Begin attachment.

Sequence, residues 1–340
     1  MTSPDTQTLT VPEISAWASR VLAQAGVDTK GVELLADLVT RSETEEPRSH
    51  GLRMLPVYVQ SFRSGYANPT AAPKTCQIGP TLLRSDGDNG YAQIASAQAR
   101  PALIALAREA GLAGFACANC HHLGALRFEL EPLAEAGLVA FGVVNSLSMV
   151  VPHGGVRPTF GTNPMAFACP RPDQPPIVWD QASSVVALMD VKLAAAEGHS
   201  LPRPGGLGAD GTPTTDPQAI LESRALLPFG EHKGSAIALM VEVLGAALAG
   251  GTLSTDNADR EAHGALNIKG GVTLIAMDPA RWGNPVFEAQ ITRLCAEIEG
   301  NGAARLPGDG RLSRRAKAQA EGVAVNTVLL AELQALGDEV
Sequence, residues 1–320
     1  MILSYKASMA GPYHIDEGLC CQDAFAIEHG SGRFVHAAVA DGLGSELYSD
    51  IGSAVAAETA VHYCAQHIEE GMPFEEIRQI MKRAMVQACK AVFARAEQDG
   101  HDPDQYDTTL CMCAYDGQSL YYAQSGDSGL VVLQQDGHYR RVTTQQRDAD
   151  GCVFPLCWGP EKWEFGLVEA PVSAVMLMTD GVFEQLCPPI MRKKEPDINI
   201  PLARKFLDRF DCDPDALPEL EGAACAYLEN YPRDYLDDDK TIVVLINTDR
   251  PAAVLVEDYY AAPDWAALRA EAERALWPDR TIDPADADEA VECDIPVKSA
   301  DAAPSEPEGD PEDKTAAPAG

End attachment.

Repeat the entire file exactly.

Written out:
Sequence, residues 1–340
     1  MTSPDTQTLT VPEISAWASR VLAQAGVDTK GVELLADLVT RSETEEPRSH
    51  GLRMLPVYVQ SFRSGYANPT AAPKTCQIGP TLLRSDGDNG YAQIASAQAR
   101  PALIALAREA GLAGFACANC HHLGALRFEL EPLAEAGLVA FGVVNSLSMV
   151  VPHGGVRPTF GTNPMAFACP RPDQPPIVWD QASSVVALMD VKLAAAEGHS
   201  LPRPGGLGAD GTPTTDPQAI LESRALLPFG EHKGSAIALM VEVLGAALAG
   251  GTLSTDNADR EAHGALNIKG GVTLIAMDPA RWGNPVFEAQ ITRLCAEIEG
   301  NGAARLPGDG RLSRRAKAQA EGVAVNTVLL AELQALGDEV
Sequence, residues 1–320
     1  MILSYKASMA GPYHIDEGLC CQDAFAIEHG SGRFVHAAVA DGLGSELYSD
    51  IGSAVAAETA VHYCAQHIEE GMPFEEIRQI MKRAMVQACK AVFARAEQDG
   101  HDPDQYDTTL CMCAYDGQSL YYAQSGDSGL VVLQQDGHYR RVTTQQRDAD
   151  GCVFPLCWGP EKWEFGLVEA PVSAVMLMTD GVFEQLCPPI MRKKEPDINI
   201  PLARKFLDRF DCDPDALPEL EGAACAYLEN YPRDYLDDDK TIVVLINTDR
   251  PAAVLVEDYY AAPDWAALRA EAERALWPDR TIDPADADEA VECDIPVKSA
   301  DAAPSEPEGD PEDKTAAPAG